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Tennessee’s effort to collect sales and use taxes from out-of-state retailers has taken another blow.
The state Legislature has prohibited the revenue department from collecting taxes from certain online retailers until such a levy is authorized by a court and subsequently approved by lawmakers. The prohibition came is the form of an amendment passed by the House and Senate during consideration of an omnibus rule-making approval measure ( H.B. 261).
Implementation of the sales and use tax nexus rule at issue has already been stayed by a state court ( Am. Catalog Mailers Ass’n v. Tenn. Dep’t of Revenue , Tenn. Ch. Ct., No. 17-307-IV, order granting injunction 4/10/17 ).
“The Legislature’s actions will hopefully allow the pending Tennessee lawsuit to proceed without the risk of dismissal on the grounds of lack of standing,” Brett R. Carter, a partner with Carter Shelton PLC in Nashville, told Bloomberg BNA May 10. The constitutional issues could then be litigated without being sidetracked by “procedural sideshows,” he said.
“We’ve always thought this issue is probably resolved in the courts and this allows the legal challenge to continue,” Kelly Cortesi, the director of communications for the Tennessee Department of Revenue, told Bloomberg BNA.
The nexus rule was issued last October and would have required remote sellers with at least $500,000 in annual sales to register by March 1, 2017, and begin collecting and remitting sales and use taxes by July 1, 2017. Amazon.com Inc., which has a physical presence in the state, already collects and remits sales and use taxes for Tennessee, but the rule has been estimated to increase annual revenue by at least $160 million.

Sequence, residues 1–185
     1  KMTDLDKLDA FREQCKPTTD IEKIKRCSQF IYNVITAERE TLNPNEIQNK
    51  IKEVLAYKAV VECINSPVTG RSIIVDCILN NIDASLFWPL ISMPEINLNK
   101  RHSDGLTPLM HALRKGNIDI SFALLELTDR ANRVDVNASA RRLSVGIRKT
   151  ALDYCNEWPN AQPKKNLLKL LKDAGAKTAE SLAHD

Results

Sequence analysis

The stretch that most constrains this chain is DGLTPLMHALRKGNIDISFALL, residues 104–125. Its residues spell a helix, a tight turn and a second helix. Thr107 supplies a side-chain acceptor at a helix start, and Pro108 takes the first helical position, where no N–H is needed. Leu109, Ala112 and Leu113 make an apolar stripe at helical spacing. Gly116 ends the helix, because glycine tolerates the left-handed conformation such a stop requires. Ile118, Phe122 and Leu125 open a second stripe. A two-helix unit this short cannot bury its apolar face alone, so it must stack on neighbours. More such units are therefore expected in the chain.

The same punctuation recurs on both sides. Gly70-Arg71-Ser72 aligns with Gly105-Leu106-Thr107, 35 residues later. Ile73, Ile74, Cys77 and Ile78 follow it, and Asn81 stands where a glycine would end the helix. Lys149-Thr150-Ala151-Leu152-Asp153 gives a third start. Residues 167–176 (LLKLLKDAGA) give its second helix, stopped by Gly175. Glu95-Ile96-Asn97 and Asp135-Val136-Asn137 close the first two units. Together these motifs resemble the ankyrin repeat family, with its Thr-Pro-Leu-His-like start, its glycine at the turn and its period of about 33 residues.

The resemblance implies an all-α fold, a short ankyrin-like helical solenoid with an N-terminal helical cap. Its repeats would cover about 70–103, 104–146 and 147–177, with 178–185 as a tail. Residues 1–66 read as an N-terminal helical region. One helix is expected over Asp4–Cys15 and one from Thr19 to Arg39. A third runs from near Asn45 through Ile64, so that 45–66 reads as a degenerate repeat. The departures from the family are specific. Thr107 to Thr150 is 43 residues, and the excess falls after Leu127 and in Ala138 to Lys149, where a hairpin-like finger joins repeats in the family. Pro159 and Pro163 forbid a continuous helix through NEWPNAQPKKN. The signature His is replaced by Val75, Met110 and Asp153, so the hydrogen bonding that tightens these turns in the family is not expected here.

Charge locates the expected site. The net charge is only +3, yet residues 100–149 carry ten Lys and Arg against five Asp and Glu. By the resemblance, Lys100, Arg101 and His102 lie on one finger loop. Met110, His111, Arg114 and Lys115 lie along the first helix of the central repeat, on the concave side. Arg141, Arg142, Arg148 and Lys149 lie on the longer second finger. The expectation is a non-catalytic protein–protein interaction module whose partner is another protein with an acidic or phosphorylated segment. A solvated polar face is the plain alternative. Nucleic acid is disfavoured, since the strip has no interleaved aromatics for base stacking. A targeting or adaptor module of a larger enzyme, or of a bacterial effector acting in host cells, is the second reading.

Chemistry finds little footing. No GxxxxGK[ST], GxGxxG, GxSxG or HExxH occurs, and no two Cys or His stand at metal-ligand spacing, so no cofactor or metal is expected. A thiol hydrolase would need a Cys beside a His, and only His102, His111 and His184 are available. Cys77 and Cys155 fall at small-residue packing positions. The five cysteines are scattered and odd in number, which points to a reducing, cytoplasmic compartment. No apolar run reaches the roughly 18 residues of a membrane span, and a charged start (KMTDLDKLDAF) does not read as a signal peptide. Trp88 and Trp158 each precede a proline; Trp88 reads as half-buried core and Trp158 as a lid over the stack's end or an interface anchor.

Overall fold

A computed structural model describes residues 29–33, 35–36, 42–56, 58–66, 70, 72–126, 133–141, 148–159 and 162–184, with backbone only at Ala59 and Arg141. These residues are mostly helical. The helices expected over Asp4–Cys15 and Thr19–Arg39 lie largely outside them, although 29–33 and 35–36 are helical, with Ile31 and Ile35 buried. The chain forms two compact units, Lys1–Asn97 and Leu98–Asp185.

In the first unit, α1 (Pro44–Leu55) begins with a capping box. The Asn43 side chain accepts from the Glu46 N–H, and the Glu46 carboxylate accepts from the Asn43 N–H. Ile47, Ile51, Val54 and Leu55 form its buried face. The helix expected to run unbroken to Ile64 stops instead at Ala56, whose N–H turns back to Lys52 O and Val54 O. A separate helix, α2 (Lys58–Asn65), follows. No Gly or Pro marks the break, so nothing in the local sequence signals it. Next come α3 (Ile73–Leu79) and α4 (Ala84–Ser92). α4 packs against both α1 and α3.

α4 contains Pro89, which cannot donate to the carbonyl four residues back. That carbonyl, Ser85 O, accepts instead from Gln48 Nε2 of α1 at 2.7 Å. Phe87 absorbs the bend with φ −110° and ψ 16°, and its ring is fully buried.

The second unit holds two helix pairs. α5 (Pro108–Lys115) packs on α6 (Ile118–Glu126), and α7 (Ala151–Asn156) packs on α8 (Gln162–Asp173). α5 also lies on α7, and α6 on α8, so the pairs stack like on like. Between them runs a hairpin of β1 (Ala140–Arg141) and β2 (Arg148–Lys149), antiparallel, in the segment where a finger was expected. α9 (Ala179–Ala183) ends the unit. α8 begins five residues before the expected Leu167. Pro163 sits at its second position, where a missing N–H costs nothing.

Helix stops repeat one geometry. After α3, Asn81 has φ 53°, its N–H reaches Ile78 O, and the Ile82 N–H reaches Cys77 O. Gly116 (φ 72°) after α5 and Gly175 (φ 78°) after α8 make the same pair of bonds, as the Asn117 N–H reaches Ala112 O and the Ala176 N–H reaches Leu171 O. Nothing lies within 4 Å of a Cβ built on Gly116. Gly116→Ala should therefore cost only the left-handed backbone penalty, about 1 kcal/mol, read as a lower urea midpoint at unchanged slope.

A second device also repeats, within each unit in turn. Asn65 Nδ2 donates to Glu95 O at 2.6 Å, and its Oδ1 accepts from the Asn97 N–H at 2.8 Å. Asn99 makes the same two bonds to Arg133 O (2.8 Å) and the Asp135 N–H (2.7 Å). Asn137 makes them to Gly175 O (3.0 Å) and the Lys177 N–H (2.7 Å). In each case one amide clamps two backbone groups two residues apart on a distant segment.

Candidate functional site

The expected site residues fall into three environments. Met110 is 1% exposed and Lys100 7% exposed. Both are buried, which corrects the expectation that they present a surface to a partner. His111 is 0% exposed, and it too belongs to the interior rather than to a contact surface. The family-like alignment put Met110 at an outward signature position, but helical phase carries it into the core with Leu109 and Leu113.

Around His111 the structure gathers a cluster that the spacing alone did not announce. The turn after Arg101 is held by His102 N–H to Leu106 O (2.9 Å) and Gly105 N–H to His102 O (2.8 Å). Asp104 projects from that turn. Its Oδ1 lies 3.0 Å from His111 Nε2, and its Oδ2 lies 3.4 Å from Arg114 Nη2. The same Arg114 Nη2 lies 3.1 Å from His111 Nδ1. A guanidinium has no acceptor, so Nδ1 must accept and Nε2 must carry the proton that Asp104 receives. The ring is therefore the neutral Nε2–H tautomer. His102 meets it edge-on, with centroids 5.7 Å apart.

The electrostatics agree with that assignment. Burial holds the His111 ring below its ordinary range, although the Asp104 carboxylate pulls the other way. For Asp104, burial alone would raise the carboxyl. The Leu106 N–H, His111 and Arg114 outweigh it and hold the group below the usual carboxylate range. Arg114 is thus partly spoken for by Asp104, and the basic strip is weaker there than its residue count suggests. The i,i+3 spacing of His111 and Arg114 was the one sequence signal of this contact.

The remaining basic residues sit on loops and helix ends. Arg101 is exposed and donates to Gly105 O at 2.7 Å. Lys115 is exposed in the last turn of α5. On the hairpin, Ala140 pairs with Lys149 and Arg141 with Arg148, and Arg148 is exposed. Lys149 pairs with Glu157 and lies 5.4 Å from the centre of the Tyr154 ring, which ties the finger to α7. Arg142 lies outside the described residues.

Proponents of the rule argued that it isn’t imposing a new tax and that it levels the playing field between out-of-state companies and local businesses. Opponents generally said the move is unconstitutional and any such policy decisions should be made through legislation, not administratively.
Carter said that online retailers should “carefully consider” whether the legislative action, together with a notice on registration issued by the DOR in January ( No. 17-01), would allow them to voluntarily register and gain amnesty up until a court has ruled on the matter.
Regarding the amnesty, Cortesi said the tax remains due from the customer, and businesses can still choose to voluntarily collect it and remit it to the DOR. “Businesses that choose to do so and begin by July 1, 2017, will still receive assurance from the Department that it will not audit for prior periods as described in the January 2017 notice,” she said.
Tennessee lacks a traditional income tax and primarily relies on sales and use taxes for revenue, so any changes impacting the latter have fairly significant consequences. It is among several states—including Alabama, North Dakota and South Dakota—that have attempted to use state laws or regulations to challenge the U.S. Supreme Court’s 1992 ruling in Quill Corp. v. North Dakota, which prohibits states from imposing sales and use tax collection obligations on vendors that lack an in-state physical presence.
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